27 June 2023
Education officials and activists are concerned about an increase in the number of American students who are absent for many days during the school year.
Education policy experts call the problem "chronic absenteeism." Chronic absenteeism is defined as missing more than 10 percent, or about a total of 18 days, out of the school year. The 18 days do not need to be missed at one time and can be missed for any reason.
Joshua Childs is a professor of education policy at the University of Texas, Austin. He said in an interview with the American Association for the Advancement of Science that, on average, 7.5 to 8 million students each year are chronically absent from school in the United States. But since the COVID-19 pandemic, that number has increased to at least 10 million a year.
In Los Angeles schools, the second largest school district in the country, nearly half of students were considered chronically absent during the 2021-2022 school year. In Chicago, about 45 percent of students were chronically absent.
Following the pandemic, "chronic absenteeism reached levels never before seen in this community," Los Angeles Unified School District Superintendent Alberto Carvalho told reporters in February.
Educators say students need to attend school regularly to be successful. Childs said being absent from school hurts students both academically and socially.
"Students who are chronically absent or miss a significant amount of school are more likely to drop out and are less likely to graduate from high school," Childs said.
He added that students who miss a lot of school are less likely to feel connected with the school community and build relationships with other students and teachers.
The Education Trust is a non-profit education research organization. In a report published in March, the group said that poor students, students of color, and students who do not speak English at home are the most likely to miss a lot of school. Those students are also more likely to lack the ability to make up for the lost time.
There are many reasons why students miss a lot of school. Childs said the lung condition of asthma; obesity, or being extremely overweight; and dental problems are the leading physical causes. Since the pandemic, mental health problems also have increased.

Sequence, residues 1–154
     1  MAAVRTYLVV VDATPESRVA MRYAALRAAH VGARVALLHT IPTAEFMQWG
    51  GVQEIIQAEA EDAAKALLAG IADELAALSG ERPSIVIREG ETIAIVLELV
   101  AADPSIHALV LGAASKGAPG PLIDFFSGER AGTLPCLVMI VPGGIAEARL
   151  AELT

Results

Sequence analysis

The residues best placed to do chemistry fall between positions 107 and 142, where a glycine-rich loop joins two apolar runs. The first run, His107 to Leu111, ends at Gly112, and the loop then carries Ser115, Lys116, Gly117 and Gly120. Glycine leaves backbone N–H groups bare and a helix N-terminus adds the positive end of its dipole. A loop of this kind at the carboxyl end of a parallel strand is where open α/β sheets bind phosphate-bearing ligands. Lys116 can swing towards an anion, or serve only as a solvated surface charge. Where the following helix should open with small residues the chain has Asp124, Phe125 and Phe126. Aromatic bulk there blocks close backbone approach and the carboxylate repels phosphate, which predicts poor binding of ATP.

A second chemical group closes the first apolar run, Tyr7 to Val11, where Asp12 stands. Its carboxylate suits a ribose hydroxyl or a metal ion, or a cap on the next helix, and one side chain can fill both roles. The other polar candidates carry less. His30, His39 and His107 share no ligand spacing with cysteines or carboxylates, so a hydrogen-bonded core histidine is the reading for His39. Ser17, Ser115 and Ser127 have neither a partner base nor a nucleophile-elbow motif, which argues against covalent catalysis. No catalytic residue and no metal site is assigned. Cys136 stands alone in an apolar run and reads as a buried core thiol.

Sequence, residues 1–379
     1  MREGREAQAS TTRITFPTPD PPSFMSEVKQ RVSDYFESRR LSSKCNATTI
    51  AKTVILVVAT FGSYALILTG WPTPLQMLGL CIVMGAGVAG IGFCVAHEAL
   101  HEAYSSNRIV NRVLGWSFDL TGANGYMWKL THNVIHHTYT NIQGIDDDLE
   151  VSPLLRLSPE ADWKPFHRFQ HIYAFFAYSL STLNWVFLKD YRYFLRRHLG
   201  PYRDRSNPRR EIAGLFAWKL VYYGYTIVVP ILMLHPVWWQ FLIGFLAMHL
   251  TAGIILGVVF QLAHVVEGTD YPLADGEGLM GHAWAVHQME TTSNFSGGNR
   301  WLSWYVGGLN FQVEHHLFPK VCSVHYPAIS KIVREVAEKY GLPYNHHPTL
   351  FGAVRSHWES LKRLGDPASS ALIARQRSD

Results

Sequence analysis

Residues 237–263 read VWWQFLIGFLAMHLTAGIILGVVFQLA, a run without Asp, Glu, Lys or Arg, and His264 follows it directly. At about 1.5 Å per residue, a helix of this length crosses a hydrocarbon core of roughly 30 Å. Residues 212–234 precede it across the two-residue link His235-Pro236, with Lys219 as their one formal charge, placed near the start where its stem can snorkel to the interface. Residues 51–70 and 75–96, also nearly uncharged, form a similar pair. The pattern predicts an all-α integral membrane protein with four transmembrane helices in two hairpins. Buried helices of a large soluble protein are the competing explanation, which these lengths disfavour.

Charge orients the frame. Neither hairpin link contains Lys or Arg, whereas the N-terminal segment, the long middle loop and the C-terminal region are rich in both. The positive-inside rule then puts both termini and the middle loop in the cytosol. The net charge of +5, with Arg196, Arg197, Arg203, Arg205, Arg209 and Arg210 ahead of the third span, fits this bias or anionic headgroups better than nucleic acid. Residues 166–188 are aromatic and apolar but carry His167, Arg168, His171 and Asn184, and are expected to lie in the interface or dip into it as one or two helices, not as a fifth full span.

There may also be community and neighborhood problems that play a part in attendance, Childs said. Certain conditions also can affect attendance. These include whether a student has safe transportation to and from school or whether the school itself is a safe environment. Childs added that if families do not feel connected with the school community or do not value education that can add to absenteeism.
The Education Trust report advised districts to deal with the underlying issues that are keeping students out of school to improve attendance. It said answers require cooperation between students, families and the community.
Traditionally, students and families have been punished for low attendance. In extreme cases, parents can be sentenced to jail if their children are absent from school too often. But punishing students and families for being absent has "not been shown to improve attendance," and can even make the problem worse, the group's report said.
In Los Angeles this year, improving attendance was a top issue for the district. The city hired workers to visit homes to find students who had been absent to get them back into school. The district also hired more attendance counselors to assist families in getting housing, food, or even transportation. Los Angeles schools superintendent Carvalho told the Philadelphia Inquirer in May that the district had seen a 32 percent decrease in chronic absenteeism.
The Education Trust said chronic absenteeism is a community problem that should be dealt with using community-based methods.
"Unless school leaders draw upon the knowledge of their students and families, they are unlikely to create effective solutions," the report said.
I'm Dan Novak.
Dan Novak wrote this story for VOA Learning English.
Words in This Story
absent — adj. to not attend something, such as school, that one is expected to attend
chronic — adj. something that happens all the time
district — n. an area defined by a government for a special purpose such as for school administration or for services
academic — adj. related to school, learning or teaching
significant — adj. enough to have a noticeable or important effect
hire — v. to give a job to someone; to pay someone to do a job